Of course, in today’s day and age, it would probably be wise to point out to any campaigning politician just how often we have been lied and pandered too as well as let down by politicians who only seem to say what we want to hear before elections, but then do whatever they want after them. So be be sure to leave them with this:
Why should we believe ‘you’?
And don’t let them off the hook until they answer it such that you are satisfied.
Finally I would like to include some questions you might ask yourself as we go into this election hoping for ‘real change’. Unless we were one of the people out there avidly campaigning for a ‘real’ alternative last election until we were hoarse, couldn’t see straight and wore out three pairs of shoes, chances are we ALL bear part of the responsibility for the current bunch of asses (and a few elephants) screwing our country up!
You may or may not have noticed, that among my list of questions above, all but the first ‘Un-do’ question deal with addressing the problems in government and not specific issues. That is because the issues, although important, are NOT the biggest problem we face. In the words of Ronaldus Magnus, “BIG Government is the problem!”
Chances are, if any of the issues you REALLY care about are either getting ignored or trampled upon, the nature of the beast (government corruption and bloat) is the biggest inhibitor to even beginning to address those concerns. If you feel as I do, that the problem is the way things have been going and you seriously want a different type of candidate, I’d strongly suggest that this line of questioning is the way to find one. Besides, I find that any candidate that isn’t just looking for a cushy job with lots of perks and power is probably going to be a reasonable guy with reasonable ideas anyway.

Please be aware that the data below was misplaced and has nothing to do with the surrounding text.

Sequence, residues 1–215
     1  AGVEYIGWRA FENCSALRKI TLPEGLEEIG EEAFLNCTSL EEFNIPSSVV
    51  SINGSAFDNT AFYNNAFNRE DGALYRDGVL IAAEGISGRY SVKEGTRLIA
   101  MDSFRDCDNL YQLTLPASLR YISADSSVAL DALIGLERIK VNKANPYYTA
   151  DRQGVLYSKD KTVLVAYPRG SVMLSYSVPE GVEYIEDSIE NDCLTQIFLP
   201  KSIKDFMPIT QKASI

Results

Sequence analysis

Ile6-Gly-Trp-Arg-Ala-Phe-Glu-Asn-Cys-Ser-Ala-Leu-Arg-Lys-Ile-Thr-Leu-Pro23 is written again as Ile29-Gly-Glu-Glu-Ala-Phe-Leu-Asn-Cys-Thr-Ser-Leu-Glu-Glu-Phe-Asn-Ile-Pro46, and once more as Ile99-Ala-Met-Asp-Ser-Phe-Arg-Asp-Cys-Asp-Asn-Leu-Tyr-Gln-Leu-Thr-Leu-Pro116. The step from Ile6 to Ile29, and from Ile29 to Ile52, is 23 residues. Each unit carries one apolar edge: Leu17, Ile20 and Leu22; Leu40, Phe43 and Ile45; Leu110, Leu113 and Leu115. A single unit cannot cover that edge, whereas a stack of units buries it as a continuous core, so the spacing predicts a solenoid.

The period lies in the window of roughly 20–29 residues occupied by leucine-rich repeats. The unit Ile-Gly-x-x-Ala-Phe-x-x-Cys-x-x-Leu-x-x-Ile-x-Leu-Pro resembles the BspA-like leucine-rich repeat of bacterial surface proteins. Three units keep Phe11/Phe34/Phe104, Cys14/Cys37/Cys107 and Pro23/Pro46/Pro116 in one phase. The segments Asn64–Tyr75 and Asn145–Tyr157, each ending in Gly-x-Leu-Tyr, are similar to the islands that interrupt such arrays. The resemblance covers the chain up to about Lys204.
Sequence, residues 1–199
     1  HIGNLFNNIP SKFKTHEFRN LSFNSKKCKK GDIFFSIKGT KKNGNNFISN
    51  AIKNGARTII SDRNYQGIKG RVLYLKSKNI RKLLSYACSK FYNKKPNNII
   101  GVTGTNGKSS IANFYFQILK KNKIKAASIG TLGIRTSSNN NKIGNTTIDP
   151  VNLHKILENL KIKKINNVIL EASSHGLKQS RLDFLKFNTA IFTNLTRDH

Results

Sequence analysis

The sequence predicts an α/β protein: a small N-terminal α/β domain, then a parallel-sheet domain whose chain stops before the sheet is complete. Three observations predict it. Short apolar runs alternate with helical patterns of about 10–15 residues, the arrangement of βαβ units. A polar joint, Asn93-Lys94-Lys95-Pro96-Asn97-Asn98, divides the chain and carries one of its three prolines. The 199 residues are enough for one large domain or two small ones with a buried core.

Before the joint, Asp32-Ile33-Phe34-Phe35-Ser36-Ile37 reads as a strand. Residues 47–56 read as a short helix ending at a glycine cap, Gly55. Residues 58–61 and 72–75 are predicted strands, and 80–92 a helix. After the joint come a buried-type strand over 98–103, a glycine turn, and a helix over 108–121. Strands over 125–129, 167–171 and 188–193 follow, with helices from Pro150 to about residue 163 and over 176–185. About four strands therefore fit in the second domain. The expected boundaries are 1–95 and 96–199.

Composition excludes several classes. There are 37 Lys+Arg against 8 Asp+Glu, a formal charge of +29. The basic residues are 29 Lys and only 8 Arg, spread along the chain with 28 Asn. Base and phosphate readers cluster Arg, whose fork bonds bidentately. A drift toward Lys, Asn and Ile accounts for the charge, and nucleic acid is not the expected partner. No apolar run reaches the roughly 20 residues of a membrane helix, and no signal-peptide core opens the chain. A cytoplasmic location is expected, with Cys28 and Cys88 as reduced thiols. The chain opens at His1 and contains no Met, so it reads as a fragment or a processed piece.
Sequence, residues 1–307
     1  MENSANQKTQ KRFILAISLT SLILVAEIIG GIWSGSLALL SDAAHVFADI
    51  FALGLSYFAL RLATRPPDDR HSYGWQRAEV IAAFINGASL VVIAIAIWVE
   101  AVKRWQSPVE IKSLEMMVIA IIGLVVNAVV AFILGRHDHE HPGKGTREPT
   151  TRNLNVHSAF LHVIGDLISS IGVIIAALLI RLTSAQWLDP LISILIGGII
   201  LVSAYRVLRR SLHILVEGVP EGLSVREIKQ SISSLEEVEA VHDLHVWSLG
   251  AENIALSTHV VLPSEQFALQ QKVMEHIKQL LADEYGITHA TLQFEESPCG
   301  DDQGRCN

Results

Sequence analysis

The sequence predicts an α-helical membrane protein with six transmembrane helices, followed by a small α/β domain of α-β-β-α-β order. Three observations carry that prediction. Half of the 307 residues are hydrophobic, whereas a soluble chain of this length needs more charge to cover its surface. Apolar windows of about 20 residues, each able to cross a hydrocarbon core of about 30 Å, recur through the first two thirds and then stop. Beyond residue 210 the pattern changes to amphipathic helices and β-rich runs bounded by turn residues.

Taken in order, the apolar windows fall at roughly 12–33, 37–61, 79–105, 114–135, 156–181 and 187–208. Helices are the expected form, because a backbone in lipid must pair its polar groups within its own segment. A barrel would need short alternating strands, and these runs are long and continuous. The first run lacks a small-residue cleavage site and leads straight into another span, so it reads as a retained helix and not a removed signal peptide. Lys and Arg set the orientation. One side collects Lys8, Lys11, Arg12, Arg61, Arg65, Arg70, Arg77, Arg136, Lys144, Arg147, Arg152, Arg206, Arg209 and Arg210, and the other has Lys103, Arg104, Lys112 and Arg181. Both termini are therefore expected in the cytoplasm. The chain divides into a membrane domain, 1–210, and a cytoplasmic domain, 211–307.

So, with these things in mind, ask yourself the following:
- Are you willing to set aside your typical ‘deal breaker’ issues to support a candidate that is willing to put forth fundemental changes to fix the ‘broken system’ itself or otherwise root out corruption?
- Are you willing to ‘waste’ a vote to vote your conscience and show your support for the non-traditional ideas in the event that both the Republitards and Hypocrats put forth candidates from the same-ole-same-ole corrupt Washington machine?
- Are you ‘asking’ your politician(s) to get government to ‘do’ something for you (or a group to which you belong) specifically and thus contributing to the ‘special interest‘ problem that screwed everything up in the first place? (this includes the question “are you taking any government funding of which you have no right to take morally, even if it is ‘legal‘ under that system?)
- If you think you do have one of the few ‘good guys‘ as an incumbent, have you seriously looked at his record to educate yourself that he ‘really was‘ a good guy? (and/or if your guy voted for/against something that you disapprove of, have you bothered to contact their office to find out ‘why?’)
And the most important question of them all:
- Are you planning on going back to sleep after you cast your vote in November?